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On Tuesday, the Missouri Board of Education recognized the frustrations that parents seeking quality virtual education have faced for the past year and approved a rule change that will require school districts to give families seeking to enroll in virtual education programs through the MOCAP program a decision within ten days. If a district does not make a decision within that time frame a student’s application to enroll in a virtual education program will be automatically approved.
Previously there had been no time limit for districts to offer a decision, resulting in a number of districts, including St. Louis Public Schools, preventing student enrollment in virtual education by simply ignoring applications from parents indefinitely.
These practices resulted in several lawsuits and a Joint Committee on Education hearing focused on the issue last month.
Tuesday’s decision was a welcome change in the battle for parent control over their child’s education, especially since DESE listened to parent concerns and changed their original recommendation of requiring a decision within 30 days to the 10-day requirement in the final rule.
Assistant Commissioner Chris Neal pointed out that districts had requested the decision process be extended to 30 business days while parents had asked for it to be “be shortened to as short as three days or eliminate entirely any decision-making authority on the part of our school districts.”
But even though the new rule is a major improvement over the existing requirements, there are still important changes needed in Missouri’s virtual education law to ensure that families have control over their children’s education.
Even as Neal was telling the board that DESE’s decision process was based on what was best for the student, parents were sharing their difficulties enrolling in virtual education in the chat of the live stream of the meeting.
“Let parents choose what’s in their child’s best interest. District’s have too much say and power when deciding how long the process is,” wrote one parent who has had their application to enroll in MOCAP denied twice by their district and is now appealing to DESE. “I think that it should be up to the parents on what is in their child’s best interest. We shouldn’t have to go through all this. My daughter was approved in virtual until we moved here and shocked to learn what we had to go through. None of this is fair to the families giving more control to the districts.”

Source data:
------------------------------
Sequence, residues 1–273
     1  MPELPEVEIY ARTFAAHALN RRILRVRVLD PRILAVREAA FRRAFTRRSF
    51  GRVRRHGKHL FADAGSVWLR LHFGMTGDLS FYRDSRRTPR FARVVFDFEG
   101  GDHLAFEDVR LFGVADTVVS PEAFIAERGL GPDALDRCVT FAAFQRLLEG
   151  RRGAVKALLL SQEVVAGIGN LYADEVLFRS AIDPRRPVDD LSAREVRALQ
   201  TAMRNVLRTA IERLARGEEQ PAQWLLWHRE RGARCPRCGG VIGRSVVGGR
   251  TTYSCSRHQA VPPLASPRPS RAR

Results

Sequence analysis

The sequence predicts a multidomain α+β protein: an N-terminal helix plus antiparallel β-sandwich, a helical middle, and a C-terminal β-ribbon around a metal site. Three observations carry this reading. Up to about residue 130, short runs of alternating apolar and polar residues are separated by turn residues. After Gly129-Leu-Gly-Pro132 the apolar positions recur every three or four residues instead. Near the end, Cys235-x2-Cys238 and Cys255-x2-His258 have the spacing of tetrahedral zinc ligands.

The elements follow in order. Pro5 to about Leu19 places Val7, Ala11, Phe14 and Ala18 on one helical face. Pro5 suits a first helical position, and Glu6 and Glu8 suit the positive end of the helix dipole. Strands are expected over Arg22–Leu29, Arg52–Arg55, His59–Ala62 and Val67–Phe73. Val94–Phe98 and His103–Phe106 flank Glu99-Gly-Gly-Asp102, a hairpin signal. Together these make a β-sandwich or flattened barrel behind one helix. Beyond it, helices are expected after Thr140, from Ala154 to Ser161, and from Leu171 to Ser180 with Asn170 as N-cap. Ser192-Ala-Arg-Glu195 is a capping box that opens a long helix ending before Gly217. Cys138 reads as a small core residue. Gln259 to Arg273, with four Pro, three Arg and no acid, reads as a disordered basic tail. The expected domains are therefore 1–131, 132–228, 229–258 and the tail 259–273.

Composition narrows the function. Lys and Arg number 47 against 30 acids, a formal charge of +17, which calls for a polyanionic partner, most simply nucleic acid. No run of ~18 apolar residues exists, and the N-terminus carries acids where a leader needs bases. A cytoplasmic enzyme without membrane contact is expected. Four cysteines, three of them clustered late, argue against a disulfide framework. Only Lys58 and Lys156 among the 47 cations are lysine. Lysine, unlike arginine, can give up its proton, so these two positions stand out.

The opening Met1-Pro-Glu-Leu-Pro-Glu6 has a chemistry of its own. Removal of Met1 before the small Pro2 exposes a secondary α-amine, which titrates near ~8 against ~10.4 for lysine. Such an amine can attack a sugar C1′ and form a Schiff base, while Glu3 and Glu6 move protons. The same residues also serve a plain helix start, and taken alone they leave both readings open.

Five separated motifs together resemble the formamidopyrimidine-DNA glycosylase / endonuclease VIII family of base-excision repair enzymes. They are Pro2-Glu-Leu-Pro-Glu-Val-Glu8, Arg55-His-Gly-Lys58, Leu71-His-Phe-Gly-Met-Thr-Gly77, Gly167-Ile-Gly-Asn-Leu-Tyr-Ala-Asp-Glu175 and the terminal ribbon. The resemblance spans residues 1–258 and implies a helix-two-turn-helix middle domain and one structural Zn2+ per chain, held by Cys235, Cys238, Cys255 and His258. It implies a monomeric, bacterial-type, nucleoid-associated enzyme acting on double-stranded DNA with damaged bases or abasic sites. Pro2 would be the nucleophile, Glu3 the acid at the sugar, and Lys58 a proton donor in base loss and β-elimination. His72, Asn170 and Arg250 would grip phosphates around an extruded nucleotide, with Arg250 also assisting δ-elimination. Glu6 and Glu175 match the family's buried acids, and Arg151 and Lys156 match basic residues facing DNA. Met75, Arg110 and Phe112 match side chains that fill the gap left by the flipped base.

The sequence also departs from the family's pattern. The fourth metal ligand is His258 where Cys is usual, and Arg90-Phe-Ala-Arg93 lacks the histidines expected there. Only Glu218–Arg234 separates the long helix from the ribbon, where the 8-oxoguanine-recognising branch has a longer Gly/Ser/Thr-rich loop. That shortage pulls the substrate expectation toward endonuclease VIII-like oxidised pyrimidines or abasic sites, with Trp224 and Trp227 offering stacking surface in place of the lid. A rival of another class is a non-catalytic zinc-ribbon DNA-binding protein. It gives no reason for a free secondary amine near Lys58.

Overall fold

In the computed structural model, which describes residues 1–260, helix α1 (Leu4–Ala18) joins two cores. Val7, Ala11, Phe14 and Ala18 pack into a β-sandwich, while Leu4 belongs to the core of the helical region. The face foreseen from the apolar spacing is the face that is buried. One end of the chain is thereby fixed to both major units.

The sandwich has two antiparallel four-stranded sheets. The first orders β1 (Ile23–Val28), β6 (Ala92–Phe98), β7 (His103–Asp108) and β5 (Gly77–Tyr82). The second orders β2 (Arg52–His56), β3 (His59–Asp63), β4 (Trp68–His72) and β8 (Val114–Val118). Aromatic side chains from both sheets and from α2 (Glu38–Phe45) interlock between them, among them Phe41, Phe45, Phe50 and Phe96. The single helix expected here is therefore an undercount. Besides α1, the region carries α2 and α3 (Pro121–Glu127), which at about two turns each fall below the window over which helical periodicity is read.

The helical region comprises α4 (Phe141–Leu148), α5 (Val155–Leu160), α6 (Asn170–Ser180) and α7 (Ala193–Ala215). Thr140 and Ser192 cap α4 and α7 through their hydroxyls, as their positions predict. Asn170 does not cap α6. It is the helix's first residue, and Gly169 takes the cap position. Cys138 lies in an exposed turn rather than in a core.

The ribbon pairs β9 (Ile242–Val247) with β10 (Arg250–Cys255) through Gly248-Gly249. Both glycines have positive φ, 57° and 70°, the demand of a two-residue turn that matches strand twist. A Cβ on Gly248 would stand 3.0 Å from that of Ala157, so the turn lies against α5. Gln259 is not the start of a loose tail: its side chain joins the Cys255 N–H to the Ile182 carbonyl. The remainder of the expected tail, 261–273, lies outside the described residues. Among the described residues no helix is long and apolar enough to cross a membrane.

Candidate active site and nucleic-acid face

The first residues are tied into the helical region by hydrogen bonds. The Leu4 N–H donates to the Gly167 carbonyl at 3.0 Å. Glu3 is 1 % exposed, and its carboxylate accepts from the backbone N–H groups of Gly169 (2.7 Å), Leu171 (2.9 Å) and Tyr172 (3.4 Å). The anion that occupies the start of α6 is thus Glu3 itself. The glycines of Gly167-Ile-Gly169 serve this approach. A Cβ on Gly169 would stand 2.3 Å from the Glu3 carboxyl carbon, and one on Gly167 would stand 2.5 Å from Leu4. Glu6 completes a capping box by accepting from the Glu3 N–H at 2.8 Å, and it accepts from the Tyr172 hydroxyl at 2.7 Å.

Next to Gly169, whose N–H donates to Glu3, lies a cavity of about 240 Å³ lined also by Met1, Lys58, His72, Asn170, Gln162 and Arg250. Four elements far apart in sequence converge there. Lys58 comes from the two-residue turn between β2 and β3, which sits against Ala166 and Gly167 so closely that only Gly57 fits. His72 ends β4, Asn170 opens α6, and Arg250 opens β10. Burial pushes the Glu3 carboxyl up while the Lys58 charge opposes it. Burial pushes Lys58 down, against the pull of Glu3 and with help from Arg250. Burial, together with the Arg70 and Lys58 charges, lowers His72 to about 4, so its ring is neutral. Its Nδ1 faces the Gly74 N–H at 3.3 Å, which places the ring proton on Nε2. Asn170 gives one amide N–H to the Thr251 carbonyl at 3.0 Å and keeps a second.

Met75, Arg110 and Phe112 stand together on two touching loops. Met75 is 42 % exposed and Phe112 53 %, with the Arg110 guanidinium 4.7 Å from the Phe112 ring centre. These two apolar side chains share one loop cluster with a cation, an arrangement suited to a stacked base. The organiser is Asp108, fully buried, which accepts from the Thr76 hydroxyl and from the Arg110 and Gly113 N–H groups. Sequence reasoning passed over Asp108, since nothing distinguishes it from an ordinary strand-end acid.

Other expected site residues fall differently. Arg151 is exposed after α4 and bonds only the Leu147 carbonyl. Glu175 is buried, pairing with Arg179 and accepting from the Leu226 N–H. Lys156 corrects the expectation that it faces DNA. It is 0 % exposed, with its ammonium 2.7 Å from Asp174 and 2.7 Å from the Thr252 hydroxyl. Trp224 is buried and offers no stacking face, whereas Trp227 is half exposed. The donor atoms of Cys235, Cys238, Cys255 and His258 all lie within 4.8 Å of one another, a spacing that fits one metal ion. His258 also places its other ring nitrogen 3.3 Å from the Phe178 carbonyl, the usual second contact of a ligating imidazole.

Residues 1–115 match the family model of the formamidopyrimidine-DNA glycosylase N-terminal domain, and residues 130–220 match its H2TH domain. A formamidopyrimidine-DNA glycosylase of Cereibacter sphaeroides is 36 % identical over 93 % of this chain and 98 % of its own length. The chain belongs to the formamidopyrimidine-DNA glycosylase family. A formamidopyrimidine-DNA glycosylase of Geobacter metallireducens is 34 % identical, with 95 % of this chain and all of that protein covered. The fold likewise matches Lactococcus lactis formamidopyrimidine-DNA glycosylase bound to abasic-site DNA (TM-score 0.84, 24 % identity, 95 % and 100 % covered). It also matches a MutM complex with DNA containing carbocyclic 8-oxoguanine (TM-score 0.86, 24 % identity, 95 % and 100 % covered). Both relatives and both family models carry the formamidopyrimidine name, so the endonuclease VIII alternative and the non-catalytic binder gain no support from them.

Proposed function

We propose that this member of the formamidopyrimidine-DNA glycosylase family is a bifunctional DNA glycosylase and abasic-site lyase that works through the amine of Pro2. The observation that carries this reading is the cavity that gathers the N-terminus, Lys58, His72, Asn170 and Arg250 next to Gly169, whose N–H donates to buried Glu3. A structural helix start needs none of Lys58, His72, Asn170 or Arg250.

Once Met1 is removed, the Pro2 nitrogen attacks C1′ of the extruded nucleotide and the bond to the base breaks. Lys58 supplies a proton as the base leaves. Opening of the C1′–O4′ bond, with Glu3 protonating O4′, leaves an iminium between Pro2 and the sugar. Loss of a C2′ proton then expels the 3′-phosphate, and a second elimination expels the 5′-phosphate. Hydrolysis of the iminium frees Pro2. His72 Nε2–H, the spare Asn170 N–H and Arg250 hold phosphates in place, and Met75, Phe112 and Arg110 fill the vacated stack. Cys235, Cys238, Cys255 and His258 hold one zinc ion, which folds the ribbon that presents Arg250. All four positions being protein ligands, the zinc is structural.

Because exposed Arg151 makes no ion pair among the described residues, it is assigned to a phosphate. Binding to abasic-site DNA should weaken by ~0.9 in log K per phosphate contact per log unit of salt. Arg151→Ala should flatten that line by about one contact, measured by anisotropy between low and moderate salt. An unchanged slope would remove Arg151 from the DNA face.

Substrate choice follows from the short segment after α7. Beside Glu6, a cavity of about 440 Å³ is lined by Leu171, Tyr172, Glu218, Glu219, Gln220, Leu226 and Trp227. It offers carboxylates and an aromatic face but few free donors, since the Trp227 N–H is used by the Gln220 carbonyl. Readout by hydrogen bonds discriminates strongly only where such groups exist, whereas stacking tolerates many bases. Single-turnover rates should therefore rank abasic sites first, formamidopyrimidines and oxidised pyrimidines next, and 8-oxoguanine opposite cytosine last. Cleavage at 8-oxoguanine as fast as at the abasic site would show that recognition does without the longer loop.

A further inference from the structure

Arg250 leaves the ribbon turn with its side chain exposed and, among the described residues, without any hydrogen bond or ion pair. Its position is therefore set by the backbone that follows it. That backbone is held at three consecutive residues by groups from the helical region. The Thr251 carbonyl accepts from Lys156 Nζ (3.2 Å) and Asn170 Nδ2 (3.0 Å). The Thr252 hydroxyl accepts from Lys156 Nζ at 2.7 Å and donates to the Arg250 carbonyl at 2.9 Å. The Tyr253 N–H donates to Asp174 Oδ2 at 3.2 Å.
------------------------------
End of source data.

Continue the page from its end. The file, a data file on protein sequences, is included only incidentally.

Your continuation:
“Parents should be allowed to choose the online program of their choice,” wrote another parent. “The district shouldn’t legally have this much control.”
As these parents correctly pointed out the current law, which requires approval from a school district before a child can enroll in a MOCAP program that has already been approved by the state still allows school districts too much control over the process.
Last month, Missouri Education Commissioner Margie Vandeven revealed that districts had told her they will break the law, and Board of Education President Charlie Shields pointed out districts have a financial conflict of interest in making approvals.
Despite the new 10-day decision timeline, if a district chooses to deny a student’s application then the family must appeal that decision to the local school board which has 30 days to issue a decision. If the school board chooses to deny the enrollment request then the family can appeal it to DESE which then has an additional 7 days to issue a decision.
So if a family applies for the program at the beginning of the school year, they could still have to wait for over a month and a half to get a final decision, putting their students unfairly far behind.